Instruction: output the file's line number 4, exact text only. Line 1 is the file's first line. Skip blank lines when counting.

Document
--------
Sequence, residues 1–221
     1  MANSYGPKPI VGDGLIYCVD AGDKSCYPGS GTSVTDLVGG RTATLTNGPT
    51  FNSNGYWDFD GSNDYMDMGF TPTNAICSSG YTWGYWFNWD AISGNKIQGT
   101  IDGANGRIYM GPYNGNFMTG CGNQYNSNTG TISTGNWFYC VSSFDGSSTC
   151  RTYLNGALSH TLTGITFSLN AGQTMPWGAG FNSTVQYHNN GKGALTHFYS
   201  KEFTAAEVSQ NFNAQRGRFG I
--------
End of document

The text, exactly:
   101  IDGANGRIYM GPYNGNFMTG CGNQYNSNTG TISTGNWFYC VSSFDGSSTC